Ok, I for one am feeling somewhat positive about this budget, both for individuals and for small business. Of course, these ‘promises’ have to be passed and approved … but at least they are on the drawing board and unfortunately many of the ‘benefits’ are not going to occur for some time … so it becomes somewhat of a waiting game to realise those positives.
Here is a succinct summary of what has been advised for the budget:
1. Individual Tax Rates to Drop
If you look at the scale below (courtesy Xero.com.au) then you’ll see that tax rates are going to drop. But don’t go spending up big … we won’t see the cuts and effects for some time yet (up to seven years) and not everyone will benefit.
2. Company Tax Rates to Drop
Also, we are going to see a slight dip in corporate tax rates, moving from 27.5% to 25% … but it won’t be until around 2026-27 … so another one you’ll have to hold your breath and wait for. That’s if your turnover is under $50M. Those with a turnover of greater than $50 million are lobbying for relief … we may have to wait and see what happens in the larger corporate arena.
3. Instant Asset Write-offs of $20K or less continue another year
The immediate deduction of asset purchases (under $20K) will continue for the time being; meaning you don’t have to depreciate an asset (up to $20K) over several years. Good news in my view. Also, the threshold level of ‘small business’ will increase from $2M to $10M.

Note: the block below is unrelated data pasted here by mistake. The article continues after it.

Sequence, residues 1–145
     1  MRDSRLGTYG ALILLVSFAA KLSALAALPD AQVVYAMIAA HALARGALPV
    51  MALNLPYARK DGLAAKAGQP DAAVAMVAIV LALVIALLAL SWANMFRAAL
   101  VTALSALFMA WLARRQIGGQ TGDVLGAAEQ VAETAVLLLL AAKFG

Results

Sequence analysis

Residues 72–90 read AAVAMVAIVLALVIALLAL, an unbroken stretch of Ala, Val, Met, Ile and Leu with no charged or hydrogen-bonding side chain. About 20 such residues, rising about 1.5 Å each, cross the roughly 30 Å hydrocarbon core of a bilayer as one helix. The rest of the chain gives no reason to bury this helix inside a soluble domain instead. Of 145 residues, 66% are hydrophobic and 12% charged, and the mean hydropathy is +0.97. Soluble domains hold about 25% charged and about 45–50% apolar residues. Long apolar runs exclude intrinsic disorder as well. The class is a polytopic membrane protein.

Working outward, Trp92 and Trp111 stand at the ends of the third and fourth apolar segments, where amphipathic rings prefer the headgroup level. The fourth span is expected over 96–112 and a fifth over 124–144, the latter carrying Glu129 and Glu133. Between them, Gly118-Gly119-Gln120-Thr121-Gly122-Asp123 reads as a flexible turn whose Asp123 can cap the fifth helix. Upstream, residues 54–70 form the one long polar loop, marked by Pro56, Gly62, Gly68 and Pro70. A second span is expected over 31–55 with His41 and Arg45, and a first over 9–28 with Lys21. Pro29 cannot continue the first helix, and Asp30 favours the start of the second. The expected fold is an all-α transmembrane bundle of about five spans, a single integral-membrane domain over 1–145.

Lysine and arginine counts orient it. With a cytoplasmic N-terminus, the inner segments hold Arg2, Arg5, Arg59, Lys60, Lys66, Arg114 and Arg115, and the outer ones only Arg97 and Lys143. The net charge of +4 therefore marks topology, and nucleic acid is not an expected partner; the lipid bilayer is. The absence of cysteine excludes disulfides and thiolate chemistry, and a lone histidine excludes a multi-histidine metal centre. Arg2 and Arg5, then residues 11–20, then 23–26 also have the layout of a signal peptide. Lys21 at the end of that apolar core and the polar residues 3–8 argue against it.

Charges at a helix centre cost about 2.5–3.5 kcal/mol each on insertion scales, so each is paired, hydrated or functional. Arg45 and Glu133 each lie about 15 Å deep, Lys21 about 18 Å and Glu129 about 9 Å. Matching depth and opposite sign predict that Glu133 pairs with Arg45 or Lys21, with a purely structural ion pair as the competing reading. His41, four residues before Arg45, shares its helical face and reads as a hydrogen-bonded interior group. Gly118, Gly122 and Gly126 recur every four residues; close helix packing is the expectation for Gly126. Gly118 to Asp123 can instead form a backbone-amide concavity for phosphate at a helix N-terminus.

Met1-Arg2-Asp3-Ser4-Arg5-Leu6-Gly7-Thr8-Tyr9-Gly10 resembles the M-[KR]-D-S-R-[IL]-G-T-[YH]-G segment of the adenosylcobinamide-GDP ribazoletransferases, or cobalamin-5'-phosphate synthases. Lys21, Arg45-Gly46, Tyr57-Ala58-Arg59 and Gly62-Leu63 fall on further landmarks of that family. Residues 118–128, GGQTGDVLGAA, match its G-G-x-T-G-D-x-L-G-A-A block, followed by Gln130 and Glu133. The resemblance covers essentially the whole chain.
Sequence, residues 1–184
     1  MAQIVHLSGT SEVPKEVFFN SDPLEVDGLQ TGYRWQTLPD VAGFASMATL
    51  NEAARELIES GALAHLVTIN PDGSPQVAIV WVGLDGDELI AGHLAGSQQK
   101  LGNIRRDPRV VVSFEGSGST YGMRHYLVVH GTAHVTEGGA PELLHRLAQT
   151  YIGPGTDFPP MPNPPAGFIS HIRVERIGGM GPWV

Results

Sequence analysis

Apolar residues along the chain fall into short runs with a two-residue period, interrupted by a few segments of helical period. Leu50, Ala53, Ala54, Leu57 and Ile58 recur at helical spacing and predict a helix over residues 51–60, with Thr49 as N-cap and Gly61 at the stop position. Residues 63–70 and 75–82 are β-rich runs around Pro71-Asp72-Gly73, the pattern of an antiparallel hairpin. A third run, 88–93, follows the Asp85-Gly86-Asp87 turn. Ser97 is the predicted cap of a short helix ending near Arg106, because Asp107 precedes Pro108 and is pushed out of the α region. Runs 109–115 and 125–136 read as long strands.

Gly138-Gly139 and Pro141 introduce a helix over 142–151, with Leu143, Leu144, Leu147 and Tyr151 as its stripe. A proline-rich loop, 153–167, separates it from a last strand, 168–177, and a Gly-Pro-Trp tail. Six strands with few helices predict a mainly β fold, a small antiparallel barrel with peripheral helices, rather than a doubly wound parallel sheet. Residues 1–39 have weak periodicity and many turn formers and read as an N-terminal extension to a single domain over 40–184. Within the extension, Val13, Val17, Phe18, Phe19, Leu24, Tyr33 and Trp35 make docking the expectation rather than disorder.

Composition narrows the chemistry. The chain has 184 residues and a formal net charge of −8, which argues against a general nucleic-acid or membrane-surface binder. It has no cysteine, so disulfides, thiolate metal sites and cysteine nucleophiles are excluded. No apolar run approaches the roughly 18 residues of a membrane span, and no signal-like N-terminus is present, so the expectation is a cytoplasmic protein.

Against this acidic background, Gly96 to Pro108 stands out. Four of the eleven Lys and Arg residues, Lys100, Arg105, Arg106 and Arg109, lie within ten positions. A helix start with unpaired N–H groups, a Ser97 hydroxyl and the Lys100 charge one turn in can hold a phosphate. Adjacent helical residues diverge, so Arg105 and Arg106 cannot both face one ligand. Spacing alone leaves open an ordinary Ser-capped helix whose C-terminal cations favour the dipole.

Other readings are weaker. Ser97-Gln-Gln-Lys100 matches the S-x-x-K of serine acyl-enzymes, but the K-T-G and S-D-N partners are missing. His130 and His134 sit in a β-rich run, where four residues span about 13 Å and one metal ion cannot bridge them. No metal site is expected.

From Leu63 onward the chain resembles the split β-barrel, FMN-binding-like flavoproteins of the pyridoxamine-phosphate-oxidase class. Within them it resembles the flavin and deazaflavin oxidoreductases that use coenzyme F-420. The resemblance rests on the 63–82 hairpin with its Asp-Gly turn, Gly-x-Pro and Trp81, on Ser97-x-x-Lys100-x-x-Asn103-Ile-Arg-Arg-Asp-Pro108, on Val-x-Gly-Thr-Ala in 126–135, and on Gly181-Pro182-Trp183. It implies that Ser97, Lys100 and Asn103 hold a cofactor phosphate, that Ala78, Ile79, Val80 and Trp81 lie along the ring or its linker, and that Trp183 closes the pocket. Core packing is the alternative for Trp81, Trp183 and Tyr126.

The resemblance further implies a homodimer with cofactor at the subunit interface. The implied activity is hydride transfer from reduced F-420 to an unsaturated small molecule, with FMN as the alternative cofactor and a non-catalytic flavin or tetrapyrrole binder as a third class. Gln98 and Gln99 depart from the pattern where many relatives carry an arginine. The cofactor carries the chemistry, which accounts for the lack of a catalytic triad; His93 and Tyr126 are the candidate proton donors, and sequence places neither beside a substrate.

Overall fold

4. Training, Education & Employment
There are plans for more young apprentices and retraining for older workers … plus more support for new start-up business and small business. Tax concessions, support and R&D incentives are being promised also. $250M has been allocated to upskilling Australians with assistance for 45-70 year olds to transition to other roles.
5. Making it easier to do business with the Government
The Government is promising greater transparency re supplier payments and ensuring small business is paid more promptly on Government contracts. The other pet hate of mine is that small business (well all business) is an unpaid Government agent – we collect tax from wages, we collect GST from customers, we collect super, we manage paid parental leave. Of course, this means the Government gets to pass the buck to business (especially small business) to manage all these aspects at our own admin cost – being an unpaid tax collector for the Government. They have said they will make the BAS system easier, but I’ve heard that for many years … dropping a couple of labels on a BAS form doesn’t quite help us … but hey, let’s stay tuned. Naturally ‘sham contracting’ is on the hit list again … but then, if it wasn’t so hard to employ maybe so many businesses wouldn’t be trying to find shortcuts. Not endorsing … just saying …